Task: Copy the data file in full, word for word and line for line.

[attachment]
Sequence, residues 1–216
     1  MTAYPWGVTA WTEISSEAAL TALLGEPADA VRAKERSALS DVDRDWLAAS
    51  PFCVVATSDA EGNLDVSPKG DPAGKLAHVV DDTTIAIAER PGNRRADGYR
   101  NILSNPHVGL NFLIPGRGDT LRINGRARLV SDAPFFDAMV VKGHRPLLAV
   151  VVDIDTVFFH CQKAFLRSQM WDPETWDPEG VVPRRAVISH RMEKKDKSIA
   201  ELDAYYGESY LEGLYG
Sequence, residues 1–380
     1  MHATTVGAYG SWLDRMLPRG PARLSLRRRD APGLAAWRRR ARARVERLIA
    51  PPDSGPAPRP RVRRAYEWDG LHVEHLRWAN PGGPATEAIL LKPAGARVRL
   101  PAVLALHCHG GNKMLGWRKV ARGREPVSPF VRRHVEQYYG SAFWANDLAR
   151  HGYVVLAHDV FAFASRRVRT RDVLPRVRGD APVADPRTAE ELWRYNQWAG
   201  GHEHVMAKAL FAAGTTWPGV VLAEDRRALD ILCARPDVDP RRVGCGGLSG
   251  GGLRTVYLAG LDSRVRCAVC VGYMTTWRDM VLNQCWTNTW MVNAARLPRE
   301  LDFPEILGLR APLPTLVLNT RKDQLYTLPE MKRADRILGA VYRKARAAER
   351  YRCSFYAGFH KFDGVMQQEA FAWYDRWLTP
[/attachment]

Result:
Sequence, residues 1–216
     1  MTAYPWGVTA WTEISSEAAL TALLGEPADA VRAKERSALS DVDRDWLAAS
    51  PFCVVATSDA EGNLDVSPKG DPAGKLAHVV DDTTIAIAER PGNRRADGYR
   101  NILSNPHVGL NFLIPGRGDT LRINGRARLV SDAPFFDAMV VKGHRPLLAV
   151  VVDIDTVFFH CQKAFLRSQM WDPETWDPEG VVPRRAVISH RMEKKDKSIA
   201  ELDAYYGESY LEGLYG
Sequence, residues 1–380
     1  MHATTVGAYG SWLDRMLPRG PARLSLRRRD APGLAAWRRR ARARVERLIA
    51  PPDSGPAPRP RVRRAYEWDG LHVEHLRWAN PGGPATEAIL LKPAGARVRL
   101  PAVLALHCHG GNKMLGWRKV ARGREPVSPF VRRHVEQYYG SAFWANDLAR
   151  HGYVVLAHDV FAFASRRVRT RDVLPRVRGD APVADPRTAE ELWRYNQWAG
   201  GHEHVMAKAL FAAGTTWPGV VLAEDRRALD ILCARPDVDP RRVGCGGLSG
   251  GGLRTVYLAG LDSRVRCAVC VGYMTTWRDM VLNQCWTNTW MVNAARLPRE
   301  LDFPEILGLR APLPTLVLNT RKDQLYTLPE MKRADRILGA VYRKARAAER
   351  YRCSFYAGFH KFDGVMQQEA FAWYDRWLTP